The side portions of element 62 comprise a pair of up standing and slightly outwardly flaring flanges 64 equipped with teeth 50 in herringbone pattern as described in connection with FIGURES 6 to 8. The teeth are interrupted, however, to provide two spaces 65 without teeth in each flange 64. In FIGURE 13 the side flanges 13 are of less flaring shape and this feature in combination with the previously described internal ridges 67 provides improved lateral stability. I
Thus, a vein or artery or other tube may be clamped for occlusive purposes in one of the spaces 65 where it will not be engaged by the teeth 50. FIGURE 9 shows two of the combination insert 60 in juxtaposition as they would be in a clamp in nearly closed position. A vessel disposed in one of the spaces 65 would be engaged solely by the hydraulic pads 61 and would not be engaged by the teeth 50. However, if the vessel is shifted to the center of the clamp, it will be engaged by the teeth 50 as well as the hydraulic pad 61 for both occlusion and traction.
The three types of jaw inserts are interchangeable in the clamp 10. A soft jaw insert 21 may be used with a hard jaw insert 22 as shown in FIGURE 3. Two soft jaw inserts may be used together or two hard jaw inserts may be used together. The combination hard and soft jaw inserts 60 may be paired as in FIGURE 9 or one of the inserts 60 may be paired with an insert 21 or an insert 22. This provides the surgeon with complete flexibility in the selection of jaw inserts.
In the soft jaw insert 21 and the soft jaw element of the combination insert 60, the clamping action of the hydraulic jacket is superior to the clamping action of a conventional rubber jaw insert or covering. A plain rubber clamping element applies the greatest pressure where the rubber is distorted most and applies a lesser pressure on-areas where the rubber is distorted less. Such a clamping element, even though soft, may crack or break hard and brittle plaques in a blood vessel because excessive pressure is concentrated over a small area.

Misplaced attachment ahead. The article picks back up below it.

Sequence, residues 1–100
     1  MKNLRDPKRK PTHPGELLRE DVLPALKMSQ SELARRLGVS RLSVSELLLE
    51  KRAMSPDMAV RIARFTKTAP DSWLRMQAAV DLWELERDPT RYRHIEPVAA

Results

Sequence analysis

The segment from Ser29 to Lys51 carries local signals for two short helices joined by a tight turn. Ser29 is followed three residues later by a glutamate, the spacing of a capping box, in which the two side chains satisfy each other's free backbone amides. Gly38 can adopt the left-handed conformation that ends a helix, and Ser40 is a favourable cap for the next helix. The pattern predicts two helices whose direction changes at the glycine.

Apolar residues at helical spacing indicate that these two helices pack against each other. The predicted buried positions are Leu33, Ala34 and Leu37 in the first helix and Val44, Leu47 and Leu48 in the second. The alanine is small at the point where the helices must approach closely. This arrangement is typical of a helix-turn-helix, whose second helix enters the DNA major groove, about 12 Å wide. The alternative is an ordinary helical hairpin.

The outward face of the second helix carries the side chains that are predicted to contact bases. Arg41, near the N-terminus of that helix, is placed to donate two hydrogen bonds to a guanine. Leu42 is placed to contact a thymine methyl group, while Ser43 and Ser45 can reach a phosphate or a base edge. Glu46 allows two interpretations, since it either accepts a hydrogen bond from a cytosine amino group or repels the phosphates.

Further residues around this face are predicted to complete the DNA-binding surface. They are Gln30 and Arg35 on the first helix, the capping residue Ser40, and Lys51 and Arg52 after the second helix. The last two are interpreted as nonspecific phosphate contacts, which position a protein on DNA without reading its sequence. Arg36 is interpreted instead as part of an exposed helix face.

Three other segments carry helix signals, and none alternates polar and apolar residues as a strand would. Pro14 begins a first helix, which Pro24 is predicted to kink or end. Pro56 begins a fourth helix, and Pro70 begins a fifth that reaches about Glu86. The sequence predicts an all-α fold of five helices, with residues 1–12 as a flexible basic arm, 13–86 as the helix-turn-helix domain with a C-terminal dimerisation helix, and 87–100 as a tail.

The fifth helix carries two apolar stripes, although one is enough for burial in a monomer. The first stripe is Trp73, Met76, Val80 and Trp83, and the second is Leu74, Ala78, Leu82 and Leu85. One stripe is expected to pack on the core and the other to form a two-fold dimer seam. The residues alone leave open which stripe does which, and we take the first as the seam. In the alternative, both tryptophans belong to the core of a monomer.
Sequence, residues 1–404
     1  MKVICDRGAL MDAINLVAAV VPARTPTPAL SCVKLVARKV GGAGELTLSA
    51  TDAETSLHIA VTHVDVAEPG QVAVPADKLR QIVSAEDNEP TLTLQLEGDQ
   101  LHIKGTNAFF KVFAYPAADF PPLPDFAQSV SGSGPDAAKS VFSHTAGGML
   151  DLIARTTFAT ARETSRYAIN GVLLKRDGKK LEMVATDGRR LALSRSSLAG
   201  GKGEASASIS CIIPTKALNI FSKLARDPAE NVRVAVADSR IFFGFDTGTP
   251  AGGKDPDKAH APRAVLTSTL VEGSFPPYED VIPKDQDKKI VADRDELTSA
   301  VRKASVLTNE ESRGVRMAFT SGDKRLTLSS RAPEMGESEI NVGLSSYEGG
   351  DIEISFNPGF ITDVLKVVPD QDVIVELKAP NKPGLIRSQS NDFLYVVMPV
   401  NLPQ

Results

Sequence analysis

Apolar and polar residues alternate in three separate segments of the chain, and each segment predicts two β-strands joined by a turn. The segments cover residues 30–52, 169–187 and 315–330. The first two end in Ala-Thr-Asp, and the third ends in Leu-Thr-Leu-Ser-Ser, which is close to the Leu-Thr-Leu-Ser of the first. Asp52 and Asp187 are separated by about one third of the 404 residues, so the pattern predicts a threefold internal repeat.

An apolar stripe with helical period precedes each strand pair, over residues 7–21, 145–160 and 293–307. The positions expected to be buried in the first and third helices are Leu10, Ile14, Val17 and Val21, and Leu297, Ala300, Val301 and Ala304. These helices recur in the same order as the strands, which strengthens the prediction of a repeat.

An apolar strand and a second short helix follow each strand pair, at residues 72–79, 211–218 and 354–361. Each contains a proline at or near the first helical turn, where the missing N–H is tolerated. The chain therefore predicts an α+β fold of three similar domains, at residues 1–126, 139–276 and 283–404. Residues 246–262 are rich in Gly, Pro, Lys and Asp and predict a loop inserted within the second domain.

The present hydraulic jacket, on the other hand, distributes the applied pressure uniformly over the whole surface of the vessel engaged by the jacket without any concentration of pressure at the point of greatest deflection of the jacket. This is a characteristic of hydraulic pressure as distinguished from the pressure distribution pattern of a resilient solid material such as rubber. A hard plaque in the blood vessel will prevent complete occlusion of the vessel by a hard jaw member and may even prevent complete occlusion with an ordinary rubber cushion unless excessive pressure is applied. The present hydraulic jacket will conform freely to the shape of the plaque and occlude the vessel without crushing the plaque. This is of great importance in vascular surgery. This clamping element is also capable of accommodating a tube or catheter inserted and manipulated through the vessel, maintaining vessel occlusiveness by its ability to conform to the resisting body.
When a soft jaw insert is paired with a hard jaw insert as in FIGURE 3, the clamped vessel is deflected into depression 48 to effect occlusion with a minimum of clamping pressure.
The solid rubber end portions 33 and 34 in the insert 21 are less yieldable than the mid portion in the region of chamber 32 whereby a clamped object is retained in the space between the end portions. Tread ridges 40 further inhibit slippage of the clamped object off the ends of the insert. Solid end portions 33 and 34 may be 6 lengthened or shortened as shown in FIGURES 4 and 4a, according to the size of vessel to be clamped.
All three types of jaw inserts are conveniently sterilizable by autoclaving or gas for re-use if desired. However, an important advantage of the present forms of construction is the low cost of manufacture whereby the inserts are economically disposable after a single use if cleaning and sterilization are not desired.
Having now described our invention and in what manner the same may be used, what we claim as new and desire to protect by Letters Patent is:
1. An insert for a surgical clamp comprising a channel member having toothed side flanges, a resilient pad mounted in the trough of said channel member between the two rows of teeth on said side flanges, and means on said channel member for detachably mounting the insert on the jaw of a clamp.
2. An insert as defined in claim 1, said pad comprising a resilient hydraulic jacket having a chamber therein filled with liquid.
3. An insert as defined in claim 1, portions of said flanges being recessed and without teeth.